JANUARY 1-2, 2005 20 TEBET 5765
"Moshe grew up and went out to his brethren and observed their burdens" (Shemot 2:11)
We are introduced to Moshe Rabenu. After the Torah tells us that Moshe went out to see his brothers in their suffering, the Torah proceeds to tell us about an incident. Moshe sees an Egyptian striking a Jew and Moshe takes action and strikes down the Egyptian. The Torah adds that before he killed the Egyptian, "He turned this way and that and saw there was no man" (2:12).
Rabbi R. Pelcovitz explains that in this brief episode the Torah is teaching a number of important lessons. We know from the next episode that there was strife and a lack of unity among the Jewish people at the time. Our Sages also tell us that the Jewish commitment to their teachings had become weak and their merits were few. Yet, when Moshe went out to his brothers he didn't see their faults, what he saw were their burdens. This is a true measure of maturity, as the Torah hints to this when it says, "And Moshe grew up." When he saw the injustice he did more than empathize with his brothers, he took action. When the Torah states that he looked around and saw that "ein ish" - that there was no one around willing to help, he fulfilled the words of the Sages, "Where there is no man try to be a man" (Abot 2:6). We should also note that despite that Moshe studied the general picture of the suffering of his brothers, he didn't miss the plight of the individual. The greatness of Moshe was that even as he saw the burdens of his brethren in general he was still able to focus on the trouble of one individual Jew.
The Torah, in these brief verses, teaches us the following vital lessons: First, the importance of seeing the problems, not the faults, of the community. Second, try to assume responsibility and not be deterred by the apathy of others. Third, not to allow one's involvement with the community at large to blind one to the plights of the individual. There is a saying that the smaller the focus of attention, the harder the task. It is easier to be a civil leader than a good husband and father, and easier to be a humanitarian than to help a neighbor or a single person. Shabbat Shalom. Rabbi Reuven Semah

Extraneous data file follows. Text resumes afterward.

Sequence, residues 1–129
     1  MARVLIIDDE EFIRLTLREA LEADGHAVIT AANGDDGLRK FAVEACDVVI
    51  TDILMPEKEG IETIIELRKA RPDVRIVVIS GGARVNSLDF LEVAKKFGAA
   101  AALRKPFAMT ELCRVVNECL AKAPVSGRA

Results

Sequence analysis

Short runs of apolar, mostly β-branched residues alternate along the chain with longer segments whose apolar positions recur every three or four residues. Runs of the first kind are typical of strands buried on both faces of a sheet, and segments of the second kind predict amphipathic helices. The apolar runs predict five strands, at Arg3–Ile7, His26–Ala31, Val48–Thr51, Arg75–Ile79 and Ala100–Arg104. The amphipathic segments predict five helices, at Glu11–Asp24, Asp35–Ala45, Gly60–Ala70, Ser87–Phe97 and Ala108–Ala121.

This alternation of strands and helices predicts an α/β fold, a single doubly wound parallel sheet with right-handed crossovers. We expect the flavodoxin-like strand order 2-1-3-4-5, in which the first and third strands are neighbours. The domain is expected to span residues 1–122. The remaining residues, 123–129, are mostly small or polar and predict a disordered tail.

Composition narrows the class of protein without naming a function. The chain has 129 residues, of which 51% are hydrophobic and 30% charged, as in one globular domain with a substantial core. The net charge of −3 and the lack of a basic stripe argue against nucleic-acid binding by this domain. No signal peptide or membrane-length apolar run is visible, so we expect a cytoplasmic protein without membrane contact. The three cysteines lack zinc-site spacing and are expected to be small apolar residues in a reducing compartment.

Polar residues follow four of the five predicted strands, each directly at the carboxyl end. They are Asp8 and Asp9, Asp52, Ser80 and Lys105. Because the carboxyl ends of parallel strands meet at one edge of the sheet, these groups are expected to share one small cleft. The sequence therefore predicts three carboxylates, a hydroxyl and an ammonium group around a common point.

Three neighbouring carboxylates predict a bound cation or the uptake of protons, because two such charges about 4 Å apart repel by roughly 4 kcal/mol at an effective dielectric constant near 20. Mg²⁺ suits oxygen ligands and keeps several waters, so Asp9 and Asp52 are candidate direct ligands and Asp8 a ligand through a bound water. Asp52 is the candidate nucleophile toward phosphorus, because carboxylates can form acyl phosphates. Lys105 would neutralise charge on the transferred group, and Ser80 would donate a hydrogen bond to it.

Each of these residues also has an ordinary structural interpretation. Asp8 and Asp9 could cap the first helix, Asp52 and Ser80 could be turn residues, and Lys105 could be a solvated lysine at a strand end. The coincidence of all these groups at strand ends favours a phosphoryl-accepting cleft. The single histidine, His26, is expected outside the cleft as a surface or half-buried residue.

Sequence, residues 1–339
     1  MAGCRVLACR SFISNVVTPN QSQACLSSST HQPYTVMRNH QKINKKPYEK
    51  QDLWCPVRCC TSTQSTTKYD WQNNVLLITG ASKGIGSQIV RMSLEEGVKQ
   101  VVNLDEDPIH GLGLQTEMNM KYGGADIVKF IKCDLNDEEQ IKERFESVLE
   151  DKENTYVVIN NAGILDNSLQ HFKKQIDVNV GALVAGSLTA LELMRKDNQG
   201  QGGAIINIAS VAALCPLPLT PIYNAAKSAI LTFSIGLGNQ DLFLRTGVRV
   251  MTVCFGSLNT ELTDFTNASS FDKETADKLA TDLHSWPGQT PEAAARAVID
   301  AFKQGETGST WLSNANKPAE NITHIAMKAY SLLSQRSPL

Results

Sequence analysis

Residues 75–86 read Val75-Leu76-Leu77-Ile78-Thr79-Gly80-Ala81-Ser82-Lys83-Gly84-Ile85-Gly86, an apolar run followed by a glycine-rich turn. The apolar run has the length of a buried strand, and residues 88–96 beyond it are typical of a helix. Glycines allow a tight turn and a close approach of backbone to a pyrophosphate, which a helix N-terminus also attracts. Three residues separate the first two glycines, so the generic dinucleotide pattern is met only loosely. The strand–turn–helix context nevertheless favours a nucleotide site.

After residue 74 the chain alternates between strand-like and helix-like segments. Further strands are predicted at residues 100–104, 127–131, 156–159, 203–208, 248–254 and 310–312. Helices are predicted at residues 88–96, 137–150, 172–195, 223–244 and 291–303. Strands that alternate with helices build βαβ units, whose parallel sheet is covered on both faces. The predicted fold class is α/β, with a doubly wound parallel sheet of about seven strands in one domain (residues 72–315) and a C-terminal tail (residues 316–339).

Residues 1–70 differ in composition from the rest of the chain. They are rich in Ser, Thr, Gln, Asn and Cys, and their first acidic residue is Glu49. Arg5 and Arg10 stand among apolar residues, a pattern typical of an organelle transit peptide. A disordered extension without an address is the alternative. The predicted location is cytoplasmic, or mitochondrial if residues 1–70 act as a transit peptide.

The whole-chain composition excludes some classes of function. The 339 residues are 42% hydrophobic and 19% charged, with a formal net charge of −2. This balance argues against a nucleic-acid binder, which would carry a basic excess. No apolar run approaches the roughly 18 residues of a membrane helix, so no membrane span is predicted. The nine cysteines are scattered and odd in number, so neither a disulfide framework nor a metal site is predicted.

Anyone who reads the story of Moshe being placed in a basket in the river to prevent his death at the hands of the Egyptians, and then Pharaoh's own daughter saving him can't help but be amazed by the ways of Hashem! Pharaoh made many sweeping decrees to kill the baby boys at birth and afterwards solely to prevent the birth of the redeemer of the Jews. His own daughter saves Moshe from the river and brings him up on his father's lap! The verse in Tehillim says: "It is a time of affliction for the house of Jacob and from it he will be saved. The Rabbis tell us that the letters of the word "mimena - from it" spell also "min Haman - from Haman." In the story of Purim we find a similar parallel. Haman made decrees to wipe out all the Jews but from his very own hands came the salvation! He erected a gallows to kill Mordechai and from his own hand came his downfall when he was hanged on those gallows!
This should give us hope and inspiration in our difficult times. The land of Israel is besieged by its enemies, and our people are going through tough times. But Hashem is preparing the time for redemption, and through the enemies' own hands will come the salvation for the nation of Israel. We must pray to Hashem with intensity and devotion to merit to see this very soon in our own days! Shabbat Shalom. Rabbi Shmuel Choueka